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Looking to pursue a digital strategy, a national nonprofit group put employee experience technology at the core of its mission to help ex-prisoners find and keep jobs.
The Center for Employment Opportunities (CEO) replaced a paper-based system for tracking work assignments of former prisoners with an app created with the help of two app development companies.
That employee experience technology was delivered from the cloud and based on a Salesforce customer relationship management platform. But it was plagued by technical problems, according to Sam Schaeffer, the group's chief executive officer and executive director.
The biggest problem with CEO's first foray into employee experience technology was that the company had been interfacing its Salesforce database of former prisoner-workers through Amazon Web Services (AWS). "It wasn't efficient, and it was taking a lot of time for the interface to happen," Schaeffer said.
New app streamlines data transfer
So, CEO started working with Appirio, a Salesforce partner and a global IT consulting firm for cloud-based technologies for employee and user experience, to move the app to the Heroku platform as a service; Heroku is owned by Salesforce and is part of the Salesforce ecosystem. In doing so, the nonprofit was able to streamline the transfer of data from the app to its Salesforce instance.
Sam SchaefferCenter for Employment Opportunities
"Now, we were getting real-time data on attendance on our work crews and attendance of participants, which allowed us to provide a better service to our participants and it made their experience a lot easier working with us," Schaeffer said.
Before CEO developed its first participant app, the 300 or so ex-prisoners CEO works with at any given time (about 5,000 a year) carried around paper booklets called their passport to success. Each page recorded a day of work and their ability to show up on time, give good effort, relate to coworkers and present themselves well on the job.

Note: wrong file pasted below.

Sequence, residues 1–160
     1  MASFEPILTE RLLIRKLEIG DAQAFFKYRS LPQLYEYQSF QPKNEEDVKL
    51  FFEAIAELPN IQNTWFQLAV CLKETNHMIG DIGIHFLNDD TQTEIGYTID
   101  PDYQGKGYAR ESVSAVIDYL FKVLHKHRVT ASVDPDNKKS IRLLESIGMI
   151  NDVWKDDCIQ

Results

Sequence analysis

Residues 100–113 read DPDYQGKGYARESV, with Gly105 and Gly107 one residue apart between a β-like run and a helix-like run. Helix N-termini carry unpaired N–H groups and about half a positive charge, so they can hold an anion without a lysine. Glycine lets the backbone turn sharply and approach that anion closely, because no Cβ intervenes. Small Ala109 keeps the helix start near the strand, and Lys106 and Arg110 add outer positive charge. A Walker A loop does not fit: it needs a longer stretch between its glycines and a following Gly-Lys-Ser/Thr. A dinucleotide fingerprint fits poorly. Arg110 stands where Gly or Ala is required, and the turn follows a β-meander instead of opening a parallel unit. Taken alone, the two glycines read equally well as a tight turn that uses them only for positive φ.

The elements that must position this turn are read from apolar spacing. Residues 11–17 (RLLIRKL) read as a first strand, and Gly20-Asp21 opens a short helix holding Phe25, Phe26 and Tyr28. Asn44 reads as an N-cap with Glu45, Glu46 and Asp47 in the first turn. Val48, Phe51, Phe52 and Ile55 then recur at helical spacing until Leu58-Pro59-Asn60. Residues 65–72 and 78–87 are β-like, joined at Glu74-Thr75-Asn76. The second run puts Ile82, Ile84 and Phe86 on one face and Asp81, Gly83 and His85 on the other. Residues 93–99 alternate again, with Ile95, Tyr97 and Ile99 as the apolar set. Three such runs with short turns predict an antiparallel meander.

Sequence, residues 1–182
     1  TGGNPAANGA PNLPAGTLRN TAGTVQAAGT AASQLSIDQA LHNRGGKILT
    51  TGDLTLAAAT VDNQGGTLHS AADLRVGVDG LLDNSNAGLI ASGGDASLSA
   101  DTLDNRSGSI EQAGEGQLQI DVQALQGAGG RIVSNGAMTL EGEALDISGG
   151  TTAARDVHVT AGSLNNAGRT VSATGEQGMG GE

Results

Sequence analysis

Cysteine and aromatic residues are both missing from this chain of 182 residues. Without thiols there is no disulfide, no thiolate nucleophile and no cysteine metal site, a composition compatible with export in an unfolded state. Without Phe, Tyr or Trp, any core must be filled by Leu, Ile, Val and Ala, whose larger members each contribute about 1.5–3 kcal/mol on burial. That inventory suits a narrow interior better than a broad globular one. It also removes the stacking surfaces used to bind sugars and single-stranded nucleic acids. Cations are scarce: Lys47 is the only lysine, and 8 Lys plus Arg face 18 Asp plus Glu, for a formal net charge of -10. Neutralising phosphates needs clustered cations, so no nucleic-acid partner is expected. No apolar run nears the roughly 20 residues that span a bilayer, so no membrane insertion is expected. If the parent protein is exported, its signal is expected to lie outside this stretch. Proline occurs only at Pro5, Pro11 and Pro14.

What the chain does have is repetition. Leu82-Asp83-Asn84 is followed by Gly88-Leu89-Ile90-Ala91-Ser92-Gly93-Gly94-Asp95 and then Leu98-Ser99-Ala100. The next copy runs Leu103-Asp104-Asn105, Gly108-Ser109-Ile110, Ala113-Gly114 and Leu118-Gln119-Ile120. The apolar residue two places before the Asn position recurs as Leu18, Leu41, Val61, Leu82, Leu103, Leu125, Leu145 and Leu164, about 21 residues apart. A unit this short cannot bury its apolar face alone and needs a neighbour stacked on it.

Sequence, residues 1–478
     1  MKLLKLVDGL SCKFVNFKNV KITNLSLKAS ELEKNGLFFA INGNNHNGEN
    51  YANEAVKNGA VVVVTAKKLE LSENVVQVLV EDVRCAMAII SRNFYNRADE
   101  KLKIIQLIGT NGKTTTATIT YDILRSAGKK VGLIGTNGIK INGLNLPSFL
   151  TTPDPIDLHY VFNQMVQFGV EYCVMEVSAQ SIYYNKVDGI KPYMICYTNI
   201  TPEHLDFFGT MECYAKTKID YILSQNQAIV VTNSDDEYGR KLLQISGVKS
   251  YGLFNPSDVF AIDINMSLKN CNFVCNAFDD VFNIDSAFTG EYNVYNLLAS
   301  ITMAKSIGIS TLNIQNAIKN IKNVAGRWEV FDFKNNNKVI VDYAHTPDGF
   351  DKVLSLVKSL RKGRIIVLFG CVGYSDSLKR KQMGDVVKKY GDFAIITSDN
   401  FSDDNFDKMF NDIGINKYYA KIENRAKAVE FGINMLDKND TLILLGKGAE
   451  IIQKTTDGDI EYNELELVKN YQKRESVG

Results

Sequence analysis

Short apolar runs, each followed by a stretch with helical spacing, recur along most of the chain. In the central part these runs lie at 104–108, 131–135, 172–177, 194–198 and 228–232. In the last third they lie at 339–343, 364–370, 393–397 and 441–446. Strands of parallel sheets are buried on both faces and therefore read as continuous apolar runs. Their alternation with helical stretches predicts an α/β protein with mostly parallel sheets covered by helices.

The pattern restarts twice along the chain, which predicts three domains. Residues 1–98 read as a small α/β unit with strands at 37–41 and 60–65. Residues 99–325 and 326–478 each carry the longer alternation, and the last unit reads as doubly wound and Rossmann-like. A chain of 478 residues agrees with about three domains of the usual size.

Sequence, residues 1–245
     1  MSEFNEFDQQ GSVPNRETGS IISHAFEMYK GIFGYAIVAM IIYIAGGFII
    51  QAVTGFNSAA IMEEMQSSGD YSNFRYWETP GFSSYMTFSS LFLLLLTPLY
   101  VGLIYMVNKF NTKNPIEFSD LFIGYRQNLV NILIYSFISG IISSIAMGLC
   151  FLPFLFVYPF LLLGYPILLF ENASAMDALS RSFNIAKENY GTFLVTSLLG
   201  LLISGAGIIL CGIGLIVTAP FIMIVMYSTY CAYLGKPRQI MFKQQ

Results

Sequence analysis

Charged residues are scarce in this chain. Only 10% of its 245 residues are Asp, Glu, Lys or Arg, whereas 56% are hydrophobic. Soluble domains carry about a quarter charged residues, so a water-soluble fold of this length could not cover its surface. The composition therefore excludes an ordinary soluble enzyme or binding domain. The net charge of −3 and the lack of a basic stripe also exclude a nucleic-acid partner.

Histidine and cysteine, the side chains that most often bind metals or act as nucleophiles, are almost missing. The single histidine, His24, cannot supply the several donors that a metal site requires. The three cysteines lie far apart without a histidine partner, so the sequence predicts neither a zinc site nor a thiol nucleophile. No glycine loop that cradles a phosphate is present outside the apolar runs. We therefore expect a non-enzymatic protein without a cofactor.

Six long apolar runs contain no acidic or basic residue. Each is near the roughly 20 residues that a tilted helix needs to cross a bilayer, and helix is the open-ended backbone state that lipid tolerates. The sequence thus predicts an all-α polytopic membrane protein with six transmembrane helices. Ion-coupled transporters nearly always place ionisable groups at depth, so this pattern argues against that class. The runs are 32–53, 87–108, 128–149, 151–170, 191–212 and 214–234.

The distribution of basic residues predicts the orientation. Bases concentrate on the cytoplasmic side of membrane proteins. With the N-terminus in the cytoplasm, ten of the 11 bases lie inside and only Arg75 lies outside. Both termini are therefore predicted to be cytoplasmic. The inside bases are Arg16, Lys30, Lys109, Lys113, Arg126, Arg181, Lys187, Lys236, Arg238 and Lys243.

The workers would bring the passports back to the office to show their job developers how they'd been doing, graded then on a one-to-five scale.
Passports didn't allow analysis
"It was actually not a bad use of paper. It worked fine, but books were getting lost, sometimes books weren't filled out and, even bigger than that, we had no way to aggregate the scores," Schaeffer said. "There was no visualization or analysis you could do on it" -- beyond just "eyeballing" the data, he said.
Now, the data flows into Salesforce, and job developers can see workplace behavior scores (now on a one-to-three scale) over time.
Addressing the kind of technical challenges that CEO faced is the main focus of Appirio's business, said Rick Arnett, technical architect at the Indianapolis-based firm. Appirio's parent is the Indian IT services company Wipro Limited. Appirio offers consulting services and technology to help organizations improve the employee experience, a strategy that borrows from design thinking and customer experience management to make workplaces more enticing and engaging to employees. The idea is that motivated, productive employees are more likely to remain in their jobs and be more effective at serving customers.
The main glitch was that business logic for scheduling work at different sites was in Salesforce, but the pre-Appirio mobile app was running separately on AWS. For every data component that CEO wanted to transfer, it had to build a separate API.
"It wasn't working," Arnett said. "It was very brittle."
'Easy button' approach removes complexity
As it turns out, the move to Heroku wasn't a complete exit from AWS, which lies underneath and powers Heroku, an approach that Arnett described as like the "easy button" for AWS.
What Appirio did essentially was move data from AWS to Postgres, an open source relational database, and then sync it up with the Salesforce employee data repository.
"It removed a lot of the complexity from the brittle code they were adding," Arnett said.
At CEO, the digitization of the passport also enabled the nonprofit to automate its somewhat unusual daily payroll system. The employee experience technology has also been upgraded to enable participants to give feedback to their bosses, not only the other way around.
"We think we're going to get more engagement through the technology," Schaeffer said.
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